Attribution, Authenticity, & the Corporate
Production of Technology and Culture
The growth of corporations and the rapid spread of office and factory work significantly changed the application of legal rules regarding intellectual property ownership. As is always the case with law, the changing applications ultimately changed the rules themselves. As the settings in which ideas were manufactured became more “corporate”—more bureaucratic, more collective, and, quite literally, under the aegis of corporations—and as the claimants to idea ownership increasingly were corporations, what judges thought of idea ownership and how firms managed creative employees changed too. Judges came to believe that people learned workplace skills in large offices and factories rather than as apprentices in small workshops or as clerks in small offices. At the same time, judges developed a view of contract law generally, and the employment contract specifically, that operated both as a conceptual technology and as a mechanism of social control to enable a shift in idea ownership. The old legal conception of individual invention (and, therefore, individual ownership) seemed anachronistic. The acceptance of corporations as legal “persons” with all the rights and privileges of personhood provided a new legal framework to reconcile the traditionally individualist presuppositions of patent and copyright law, which focus on the author or the inventor, with the new social reality of collective innovation. The cultural change and the legal change coincided and reinforced one another in ways that naturalized the radical developments and made a revolution seem normal, inevitable, and uncontroversial.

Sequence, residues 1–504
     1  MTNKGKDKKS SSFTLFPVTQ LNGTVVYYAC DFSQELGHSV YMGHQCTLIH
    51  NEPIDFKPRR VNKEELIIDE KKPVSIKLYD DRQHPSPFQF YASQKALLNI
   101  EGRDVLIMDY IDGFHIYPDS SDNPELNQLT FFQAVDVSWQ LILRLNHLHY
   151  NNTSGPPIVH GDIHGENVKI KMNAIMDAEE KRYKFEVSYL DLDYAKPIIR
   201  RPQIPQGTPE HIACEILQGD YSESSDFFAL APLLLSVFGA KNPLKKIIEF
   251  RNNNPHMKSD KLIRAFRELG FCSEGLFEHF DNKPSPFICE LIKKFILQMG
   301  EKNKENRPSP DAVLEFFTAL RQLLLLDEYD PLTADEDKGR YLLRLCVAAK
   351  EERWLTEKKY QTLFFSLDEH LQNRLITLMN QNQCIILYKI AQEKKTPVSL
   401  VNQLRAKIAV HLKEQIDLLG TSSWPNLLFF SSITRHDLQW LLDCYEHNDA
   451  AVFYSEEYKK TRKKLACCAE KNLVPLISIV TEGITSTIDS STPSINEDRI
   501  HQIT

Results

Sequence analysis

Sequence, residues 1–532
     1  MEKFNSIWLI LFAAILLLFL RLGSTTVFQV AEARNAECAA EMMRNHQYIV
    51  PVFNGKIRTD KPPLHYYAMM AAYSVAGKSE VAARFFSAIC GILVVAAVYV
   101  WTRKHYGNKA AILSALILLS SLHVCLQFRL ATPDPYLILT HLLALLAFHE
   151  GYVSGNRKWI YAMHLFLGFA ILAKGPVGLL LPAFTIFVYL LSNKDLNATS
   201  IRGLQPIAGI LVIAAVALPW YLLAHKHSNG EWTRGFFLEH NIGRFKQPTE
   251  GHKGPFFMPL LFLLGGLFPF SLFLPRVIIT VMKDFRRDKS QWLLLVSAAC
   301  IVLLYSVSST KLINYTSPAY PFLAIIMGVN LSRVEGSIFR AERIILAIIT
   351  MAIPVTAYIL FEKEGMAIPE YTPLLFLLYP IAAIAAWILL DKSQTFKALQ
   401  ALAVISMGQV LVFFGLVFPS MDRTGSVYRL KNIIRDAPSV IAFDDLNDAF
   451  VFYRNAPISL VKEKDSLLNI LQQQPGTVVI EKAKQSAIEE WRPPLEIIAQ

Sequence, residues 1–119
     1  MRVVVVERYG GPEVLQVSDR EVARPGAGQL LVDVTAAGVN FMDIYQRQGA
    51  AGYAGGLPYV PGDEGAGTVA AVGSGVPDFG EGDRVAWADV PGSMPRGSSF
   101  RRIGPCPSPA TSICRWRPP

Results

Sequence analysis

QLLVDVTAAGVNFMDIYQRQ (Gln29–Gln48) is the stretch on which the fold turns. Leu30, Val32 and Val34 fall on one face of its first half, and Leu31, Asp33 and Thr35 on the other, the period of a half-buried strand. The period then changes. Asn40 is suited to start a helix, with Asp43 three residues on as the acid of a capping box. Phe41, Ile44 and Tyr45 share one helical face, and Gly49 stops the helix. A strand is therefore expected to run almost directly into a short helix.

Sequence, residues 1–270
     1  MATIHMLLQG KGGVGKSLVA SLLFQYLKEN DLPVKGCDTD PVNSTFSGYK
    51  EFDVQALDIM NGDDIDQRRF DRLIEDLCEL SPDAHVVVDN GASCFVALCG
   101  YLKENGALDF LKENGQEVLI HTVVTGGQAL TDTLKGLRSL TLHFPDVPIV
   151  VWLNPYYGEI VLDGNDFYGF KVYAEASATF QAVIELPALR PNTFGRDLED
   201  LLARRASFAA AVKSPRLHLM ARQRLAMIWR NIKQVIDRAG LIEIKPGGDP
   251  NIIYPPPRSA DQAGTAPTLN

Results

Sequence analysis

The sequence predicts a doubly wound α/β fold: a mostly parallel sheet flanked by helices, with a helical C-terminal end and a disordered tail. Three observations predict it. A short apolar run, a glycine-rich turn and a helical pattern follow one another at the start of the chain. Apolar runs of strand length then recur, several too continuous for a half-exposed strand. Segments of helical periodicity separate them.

By the third decade of the twentieth century, creative and educated people of scientific or technical skill who worked in business rather than academia had